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Crow Country review – breathtaking survival horror game that harks back to Silent Hill
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Crow Country review – breathtaking survival horror game that harks back to Silent Hill

It is fascinating to be playing games made by developers who have been raised on 3D games – and Crow Country’s affectionate referencing of Silent Hill is a prime example of this. A survival horror game about the dark secrets lurking within and beneath an abandoned theme park, it is also a gorgeous homage to landmark games of the past.

The look of the game is breathtaking: the thick, grainy patina over the screen gives the impression of playing on a CRT monitor in somebody’s dimly lit bedroom in 1997. The chunky polygonal figure of the protagonist, the mysterious Mara Forest, serves a stark contrast against the set and landscape, which give the impression of the lush pre-rendered backgrounds of Final Fantasy VII. However, these environments are not static in the way of their predecessors, but fully and delightfully interactive – this is a game made with real attention to detail, and clear passion for the particular period of game design. It is a sublime treat to look at, and to listen to, the sound design perfectly in keeping with the aesthetic, adding even more tension to the already grungy, bleak world we must navigate.

An arcade in Crow CountryView image in fullscreen

There are two modes of play on offer at the title screen – survival, or exploration. I chose the explore mode initially, which gave me about 10 engrossing hours of gameplay. Without the grotesque, Cronenbergian beasts that roam the park, the game still holds up as a chilling adventure throughout a constantly decaying theme park universe. When a player exits a room and returns to it later, they may find it littered with corpses and bloody text on the walls. At a certain point, torrential rain begins. The lights eventually go out. The environment is truly alive, and rammed with tricky puzzles that may seem oblique at first but are highly satisfying to decode.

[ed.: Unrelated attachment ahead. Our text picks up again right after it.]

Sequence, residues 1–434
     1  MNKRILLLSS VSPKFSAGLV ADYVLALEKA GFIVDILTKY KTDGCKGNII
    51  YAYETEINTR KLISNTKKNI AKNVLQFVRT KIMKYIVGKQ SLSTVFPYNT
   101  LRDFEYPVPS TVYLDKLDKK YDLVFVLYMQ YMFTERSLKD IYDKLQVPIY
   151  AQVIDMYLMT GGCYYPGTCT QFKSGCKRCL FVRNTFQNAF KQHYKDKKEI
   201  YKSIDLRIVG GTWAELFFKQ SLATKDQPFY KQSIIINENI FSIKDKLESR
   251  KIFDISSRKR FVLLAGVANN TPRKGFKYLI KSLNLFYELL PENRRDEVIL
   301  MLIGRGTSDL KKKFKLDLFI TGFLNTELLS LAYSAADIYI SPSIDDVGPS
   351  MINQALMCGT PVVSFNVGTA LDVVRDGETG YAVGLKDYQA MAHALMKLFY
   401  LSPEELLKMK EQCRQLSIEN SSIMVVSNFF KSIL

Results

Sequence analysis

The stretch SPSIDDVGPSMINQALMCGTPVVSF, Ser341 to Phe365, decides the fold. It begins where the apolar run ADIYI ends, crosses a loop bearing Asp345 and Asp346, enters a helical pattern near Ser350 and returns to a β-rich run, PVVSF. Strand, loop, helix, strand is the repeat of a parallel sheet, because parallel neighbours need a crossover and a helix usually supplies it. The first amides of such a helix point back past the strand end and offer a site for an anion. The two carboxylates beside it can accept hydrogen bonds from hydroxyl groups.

After completing this mode, I embarked on the bloodier route – faced with the guests and other grotesque creatures of the park, the horror was suitably heightened. The combat is straightforward – shoot or run, and the game thoughtfully offers a set of control options for the gunplay so that players can choose their approach. The creatures’ origins are deeply tragic and strange – but with or without their presence, the game offers great suspense. Even if you know you have elected a route where Mara won’t get harmed, there is still the sense that there is something terrible lurking around every corner. This game is something of a corridor horror, and as we tunnel our way behind and below the park, things only get worse.

The mystery of Crow Country was far richer than I had anticipated: the story is very completely drawn, and isn’t without a little levity and playfulness in the face of the darkness. I found the final sequences really bold – committed to the strange and unsettling all the way through, it certainly sticks the landing. Crow Country is far more than a pastiche of the giants of the PS1 era – it is a real triumph in and of itself.

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Source: theguardian.com